By Teri Olcott
Cleaning and sharpening your standard walk-behind lawnmower blade isn’t as hard as you might think. Over time, the blade becomes dull, and if not damaged, can be re-sharpened many times before it needs to be replaced. You can tell when the blade is dull by examining the grass. A dull blade leaves a ragged tear as opposed to a nice clean cut. Grass that’s ripped can become weak which can result in fungal growth and dead patches. A sharp blade will not pull the grass, and a clean cut allows the grass to heal quickly. A sharp blade also speeds up mowing time and puts less stress on the mower.
Sharpening your lawnmower blade is relatively simple, and after you have done it a few times, you’ll be able to do it in 10 minutes or less. Depending on the size of your yard and how many times you need to mow, plan on sharpening the blade at least twice per mowing season.
Before you remove the lawnmower blade, read through the following steps and become familiar with the safety precautions. Although not a complicated machine, a lawnmower has the potential to do serious harm. Take your time and heed all safety advice. If you have the owner’s manuals, read through the section on removing and installing the cutting blade.
Tools You’ll Need
Removing, cleaning, sharpening, and reinstalling your lawnmower blade requires some basic tools:
- Leather gloves
- Safety glasses or face shield
- Medium size metal file
- Ratchet and socket (either 5/8 or 9/16 inch)
- Wire brush
- Vise (optional)
- C-clamp (optional)
- WD-40 or some other lubricant (if needed)
Check the gas tank for the gas level. You want as little gas as possible in the tank before you remove the cutting blade. Run the mower until it’s out of gas and then let it cool.
Don’t smoke while working on a lawnmower. Even with the gas tank empty, gasoline fumes can still be present. Smoking around any device or machinery that runs on gasoline can result in serious injury or death.
Disconnect the Spark Plug
Disconnect the spark plug wire from the spark plug. It should pull off easily. This step prevents the mower from accidentally starting. The last thing you want is a sharp blade spinning with your hand under the mower. Just do it.
Remove the Cutting Blade
Pull on the leather gloves. Don’t attempt to remove or handle a cutting blade with your bare hands or cotton garden gloves. Even when dull, a cutting blade has the potential to seriously lacerate your hands. The edges of the mower deck can also be sharp and rusty.
To gain access to the cutting blade, you can either put the mower on a table or sturdy elevated surface (with the help of a friend) or tip the mower on its side. If tipping the mower on its side, be sure you’re tipping it so the fuel tank is facing up.
Use the ratchet to remove the bolt and the blade. If the bolt will not turn, spray a lubricant like WD-40 on the bolt to loosen up any rust. Hold the blade with one hand and loosen the bolt with the other. You can also use a block of wood and a clamp to keep the blade from turning. Notice the position of the blade as you remove it. You can mark the top and bottom to make sure you don’t reinstall it upside down. Save any hardware that comes off with the blade (spacers or washers).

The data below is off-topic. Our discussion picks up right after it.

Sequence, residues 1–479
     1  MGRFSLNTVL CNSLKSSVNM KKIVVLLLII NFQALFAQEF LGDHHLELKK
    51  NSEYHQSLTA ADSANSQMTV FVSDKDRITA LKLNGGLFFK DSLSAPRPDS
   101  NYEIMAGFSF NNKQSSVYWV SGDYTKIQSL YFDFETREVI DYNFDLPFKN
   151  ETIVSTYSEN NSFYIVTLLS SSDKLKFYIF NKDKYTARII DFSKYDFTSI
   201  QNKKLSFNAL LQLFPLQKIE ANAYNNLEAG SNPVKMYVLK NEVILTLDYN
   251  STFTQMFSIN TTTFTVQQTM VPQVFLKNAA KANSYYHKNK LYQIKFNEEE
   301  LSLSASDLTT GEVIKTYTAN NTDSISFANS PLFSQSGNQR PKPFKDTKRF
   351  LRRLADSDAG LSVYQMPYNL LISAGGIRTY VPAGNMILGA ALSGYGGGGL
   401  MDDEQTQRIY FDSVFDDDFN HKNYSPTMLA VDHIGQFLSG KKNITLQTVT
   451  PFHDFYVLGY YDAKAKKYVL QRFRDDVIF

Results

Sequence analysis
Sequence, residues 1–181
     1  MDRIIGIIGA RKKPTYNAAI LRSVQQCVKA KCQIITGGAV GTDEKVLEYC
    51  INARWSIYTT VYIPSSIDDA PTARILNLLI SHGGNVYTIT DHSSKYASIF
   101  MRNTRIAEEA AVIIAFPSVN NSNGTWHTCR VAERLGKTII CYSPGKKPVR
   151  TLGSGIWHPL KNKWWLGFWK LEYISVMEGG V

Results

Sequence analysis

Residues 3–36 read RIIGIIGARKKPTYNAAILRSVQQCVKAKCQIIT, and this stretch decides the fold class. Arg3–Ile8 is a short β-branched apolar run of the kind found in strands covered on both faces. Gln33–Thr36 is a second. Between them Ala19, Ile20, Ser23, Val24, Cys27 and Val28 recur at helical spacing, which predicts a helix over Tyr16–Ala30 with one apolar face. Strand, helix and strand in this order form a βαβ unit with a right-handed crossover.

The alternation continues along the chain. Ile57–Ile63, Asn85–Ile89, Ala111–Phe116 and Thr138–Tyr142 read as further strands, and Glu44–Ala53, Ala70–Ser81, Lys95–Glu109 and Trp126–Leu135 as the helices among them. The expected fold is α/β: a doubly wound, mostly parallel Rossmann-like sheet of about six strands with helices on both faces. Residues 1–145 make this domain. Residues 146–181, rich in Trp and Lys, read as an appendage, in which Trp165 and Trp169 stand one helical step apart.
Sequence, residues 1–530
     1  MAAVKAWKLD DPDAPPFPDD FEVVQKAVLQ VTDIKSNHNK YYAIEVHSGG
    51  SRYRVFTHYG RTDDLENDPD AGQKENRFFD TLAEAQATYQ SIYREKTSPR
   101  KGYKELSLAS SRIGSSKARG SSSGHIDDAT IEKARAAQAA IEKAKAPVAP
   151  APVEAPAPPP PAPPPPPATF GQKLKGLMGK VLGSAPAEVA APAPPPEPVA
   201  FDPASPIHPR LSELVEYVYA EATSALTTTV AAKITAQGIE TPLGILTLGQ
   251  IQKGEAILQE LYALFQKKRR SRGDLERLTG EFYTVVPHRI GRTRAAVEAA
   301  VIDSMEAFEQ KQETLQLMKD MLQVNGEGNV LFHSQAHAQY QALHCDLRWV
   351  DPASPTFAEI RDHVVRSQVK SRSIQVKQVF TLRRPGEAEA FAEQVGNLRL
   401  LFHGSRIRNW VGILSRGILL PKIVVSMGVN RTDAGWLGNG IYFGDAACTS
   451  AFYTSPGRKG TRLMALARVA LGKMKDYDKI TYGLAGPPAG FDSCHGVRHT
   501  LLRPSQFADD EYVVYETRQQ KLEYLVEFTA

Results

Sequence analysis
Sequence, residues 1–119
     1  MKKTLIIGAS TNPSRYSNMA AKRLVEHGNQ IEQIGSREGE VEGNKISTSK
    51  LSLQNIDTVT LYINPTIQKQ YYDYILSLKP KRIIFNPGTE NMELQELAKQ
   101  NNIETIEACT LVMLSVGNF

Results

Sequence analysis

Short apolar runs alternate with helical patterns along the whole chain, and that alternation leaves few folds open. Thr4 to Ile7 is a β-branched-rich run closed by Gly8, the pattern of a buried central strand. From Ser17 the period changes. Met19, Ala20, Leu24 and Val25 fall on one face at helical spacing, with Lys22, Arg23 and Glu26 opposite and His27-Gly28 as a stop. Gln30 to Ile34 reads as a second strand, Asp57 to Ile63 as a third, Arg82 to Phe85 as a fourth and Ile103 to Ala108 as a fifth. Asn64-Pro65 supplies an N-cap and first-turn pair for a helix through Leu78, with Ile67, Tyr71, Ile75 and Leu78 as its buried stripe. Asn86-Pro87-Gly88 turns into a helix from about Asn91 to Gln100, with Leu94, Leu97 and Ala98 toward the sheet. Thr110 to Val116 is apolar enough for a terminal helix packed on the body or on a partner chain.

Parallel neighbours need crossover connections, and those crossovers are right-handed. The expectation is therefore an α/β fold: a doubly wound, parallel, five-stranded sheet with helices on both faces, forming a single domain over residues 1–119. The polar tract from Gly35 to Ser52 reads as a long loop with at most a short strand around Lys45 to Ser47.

Examine and Clean the Cutting Blade
Examine the blade for any deep nicks or other damage. If the blade is bent, warped, or has several deep nicks, you’re better off buying a new blade.
Put on safety glasses and use a wire brush to remove any rust and old grass from both sides of the blade.
Sharpen the Cutting Blade
Place the blade in a vice or clamp it or hold it to a table. Use the metal file to sharpen the cutting edge. Follow the bevel of the blade and use firm and full strokes to sharpen the blade. Turn the blade over and remove any burr from the back side. Repeat this process for the opposite cutting edge.
Balance the Cutting Blade
Use a blade balancer or a nail to make sure the cutting blade is balanced.
If out of balance, re-sharpen the edge that’s sitting low. A blade that’s out of balance will vibrate and not cut evenly.
Reinstall the Cutting Blade
The cutting blade is now very sharp. Use extreme caution when handling the blade.
Photo by Teri Olcott
If the mower isn’t on its side, tip the mower on its side (gas tank up) to reinstall the blade. Use a garden trowel or screwdriver to remove any old grass and other dirt.
Reinstall any spacers or washers that were removed. Make sure the blade is facing the correct direction (not upside down) and install the blade on the mower shaft. Install and tighten the bolt finger tight. Use the ratchet to fully tighten the bolt. Be careful not to overtighten.
Put all four wheels back on the ground and reconnect the spark plug wire. Fill the tank with gas and let the mower sit for a few minutes to allow the oil to settle. Now start it up and mow!
Images used with permission, courtesy of Teri Olcott, www.shutterstock.com, and www.dreamstime.com